By Nicole Parmenter, Dietetic Intern for FitNutrition, LLC and Providence College Athletics with Katie Jeffrey, MS, RD, CSSD
Millions of Americans consume too much sodium. While this mineral plays an important role in our bodies it’s beneficial for your health to not consume too much. Sodium is necessary for muscle contraction and relaxation, it maintains proper water and pH levels, and it aids in conducting nerve impulses. Dietary Guidelines for Americans 2010 recommends no more than 2,300 mg (about 1 teaspoon) per day per person, and 1,500 mg (about 2/3 teaspoon) per day per person for Americans over age 51, African Americans, and those with health conditions such as diabetes, hypertension, and chronic kidney disease.
Sadly, many Americans consume well over these amounts, exceeding 3,300 mg (an average of 1.5 teaspoons of salt) per day. Surprisingly, the true culprit is the hidden sodium in processed foods rather than the salt that’s added at the table. The problem with excess sodium consumption is the potential for developing hypertension, heart disease and stroke. “Hypertension is a leading cause of death and disability worldwide” (Davy 2015). It is estimated that reducing average sodium intake to below 2,300 mg/day would save a significant amount in health care costs and reduce the amount of hypertension cases by the millions. Multiple organizations such as the American Heart Association, the Institute of Medicine and the American Medical Association, as well as the creators of the DASH diet, have recognized the importance of a reduced sodium meal plan in managing hypertension and continue to work on strategies to reduce average sodium intake levels.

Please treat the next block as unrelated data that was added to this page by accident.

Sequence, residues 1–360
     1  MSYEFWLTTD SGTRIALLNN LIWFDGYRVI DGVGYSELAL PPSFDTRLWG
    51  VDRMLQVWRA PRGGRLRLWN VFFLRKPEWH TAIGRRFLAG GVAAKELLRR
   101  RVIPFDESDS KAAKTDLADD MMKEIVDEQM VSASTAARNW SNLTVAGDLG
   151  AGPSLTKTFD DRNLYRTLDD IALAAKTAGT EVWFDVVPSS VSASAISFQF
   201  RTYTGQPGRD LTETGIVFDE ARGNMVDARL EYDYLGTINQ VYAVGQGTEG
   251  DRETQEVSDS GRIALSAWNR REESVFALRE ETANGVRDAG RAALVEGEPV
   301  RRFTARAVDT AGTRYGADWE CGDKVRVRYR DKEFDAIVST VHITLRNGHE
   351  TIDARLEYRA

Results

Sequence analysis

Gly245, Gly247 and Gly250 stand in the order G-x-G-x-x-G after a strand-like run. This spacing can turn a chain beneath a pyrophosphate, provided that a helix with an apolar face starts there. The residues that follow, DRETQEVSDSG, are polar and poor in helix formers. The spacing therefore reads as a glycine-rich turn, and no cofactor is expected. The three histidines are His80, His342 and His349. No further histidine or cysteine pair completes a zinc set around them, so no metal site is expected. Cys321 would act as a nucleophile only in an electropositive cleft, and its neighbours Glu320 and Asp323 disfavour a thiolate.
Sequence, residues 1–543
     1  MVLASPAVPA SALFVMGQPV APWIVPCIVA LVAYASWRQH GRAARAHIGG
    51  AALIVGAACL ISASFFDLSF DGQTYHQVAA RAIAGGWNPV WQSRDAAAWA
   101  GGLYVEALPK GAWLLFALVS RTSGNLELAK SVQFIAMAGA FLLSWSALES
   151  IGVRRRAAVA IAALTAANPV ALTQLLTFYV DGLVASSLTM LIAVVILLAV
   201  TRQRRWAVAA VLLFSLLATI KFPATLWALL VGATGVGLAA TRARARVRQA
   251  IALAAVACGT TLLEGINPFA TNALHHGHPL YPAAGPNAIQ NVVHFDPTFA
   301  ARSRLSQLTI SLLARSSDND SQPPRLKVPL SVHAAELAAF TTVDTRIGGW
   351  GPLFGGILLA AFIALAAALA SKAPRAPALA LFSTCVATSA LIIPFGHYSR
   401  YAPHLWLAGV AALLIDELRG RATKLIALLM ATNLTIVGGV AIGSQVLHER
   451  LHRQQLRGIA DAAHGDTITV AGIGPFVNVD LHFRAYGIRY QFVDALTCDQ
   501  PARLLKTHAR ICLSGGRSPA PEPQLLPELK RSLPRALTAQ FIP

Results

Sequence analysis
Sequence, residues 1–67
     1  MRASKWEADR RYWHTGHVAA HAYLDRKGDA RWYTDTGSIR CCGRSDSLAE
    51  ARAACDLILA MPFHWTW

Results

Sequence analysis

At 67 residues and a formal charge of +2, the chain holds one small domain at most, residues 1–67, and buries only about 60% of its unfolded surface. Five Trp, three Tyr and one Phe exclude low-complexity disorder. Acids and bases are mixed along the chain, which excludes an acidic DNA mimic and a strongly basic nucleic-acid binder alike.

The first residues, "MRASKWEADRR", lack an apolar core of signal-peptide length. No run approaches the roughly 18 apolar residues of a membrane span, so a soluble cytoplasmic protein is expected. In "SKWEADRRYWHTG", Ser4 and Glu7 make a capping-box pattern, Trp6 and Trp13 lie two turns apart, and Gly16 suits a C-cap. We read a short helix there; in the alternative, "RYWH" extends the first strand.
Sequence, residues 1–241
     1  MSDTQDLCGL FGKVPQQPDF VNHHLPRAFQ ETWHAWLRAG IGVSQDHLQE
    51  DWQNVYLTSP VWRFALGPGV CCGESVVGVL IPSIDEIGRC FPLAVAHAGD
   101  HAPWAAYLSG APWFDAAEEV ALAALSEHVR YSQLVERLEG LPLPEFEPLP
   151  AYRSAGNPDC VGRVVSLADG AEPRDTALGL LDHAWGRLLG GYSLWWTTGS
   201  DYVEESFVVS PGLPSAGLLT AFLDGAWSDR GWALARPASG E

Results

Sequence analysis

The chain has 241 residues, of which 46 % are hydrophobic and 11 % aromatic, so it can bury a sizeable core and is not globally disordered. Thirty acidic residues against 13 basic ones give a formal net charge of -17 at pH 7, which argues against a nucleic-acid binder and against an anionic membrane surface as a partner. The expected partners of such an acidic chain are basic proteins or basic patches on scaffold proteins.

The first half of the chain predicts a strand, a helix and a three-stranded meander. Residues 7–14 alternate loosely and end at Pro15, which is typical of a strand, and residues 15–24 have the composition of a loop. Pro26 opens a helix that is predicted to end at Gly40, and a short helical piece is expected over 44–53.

Even though we are hard-wired to like salty foods, the taste of salt is a learned preference that can gradually be changed. Reducing your salt intake will allow you to fully taste the natural and subtle flavors of foods. Individuals often report that their food tastes better when they use less salt or eliminate it. There are many ways to enjoy less salt. All it takes is a little creativity! Here are six creative ways to reduce your sodium intake:
6 Ways to Cut Your Salt:
- Get Fresh! Limit processed foods which can contain heavy amounts of sodium. Opt for minimally processed foods and fresh produce.
- Downsize Your Portions! Share your entrée, ask for a low-sodium menu or ask for “no additional salt.”
- Identify High-Volume Salt Sources! Items such as bread, soups, condiments, frozen pizzas, salad dressings, tomato sauces, processed deli meats and canned goods are the top hidden sources of sodium. Select foods with sodium levels less than 300 mg per serving.
- Concentrate Flavors! Try baking, roasting, grilling and searing to intensify flavors rather than boiling or steaming foods. Stronger flavors require less salt.
- Add Some Spice! Flavor enhancers such as spice rubs, fresh herbs, fresh spices, ginger and citrus flavors all impart their own robust flavors, requiring less sodium or no sodium.
- ‘Shake’ the Auto-Salt Habit! Taste your food first before adding salt. Remove the salt shaker from the table so you are not automatically inclined to add salt. When cooking or baking, keep in mind that most recipes can be made with half the amount of salt as opposed to the full amount.
Davy, Brenda M., Tanya M. Halliday, and Kevin P. Davy. Sodium Intake and Blood Pressure: New Controversies, New Labels…New Guidelines?” Journal of the Academy of Nutrition and Dietetics 115.2 (2015): 200-203. Print.
“Salt and Sodium: The Facts.”The Nutrition Source. Harvard School of Public Health, n.d. Web. 10 Feb.2015. “Tasting Success by Cutting Salt.” Mise En Place. Feb. 2012: 12-14. Print.
United States. Dept. of Agriculture. Dietary Guidelines for Americans 2010. By the Center for Nutrition. Policy and Promotion. 2010. Web. 10 Feb. 2015.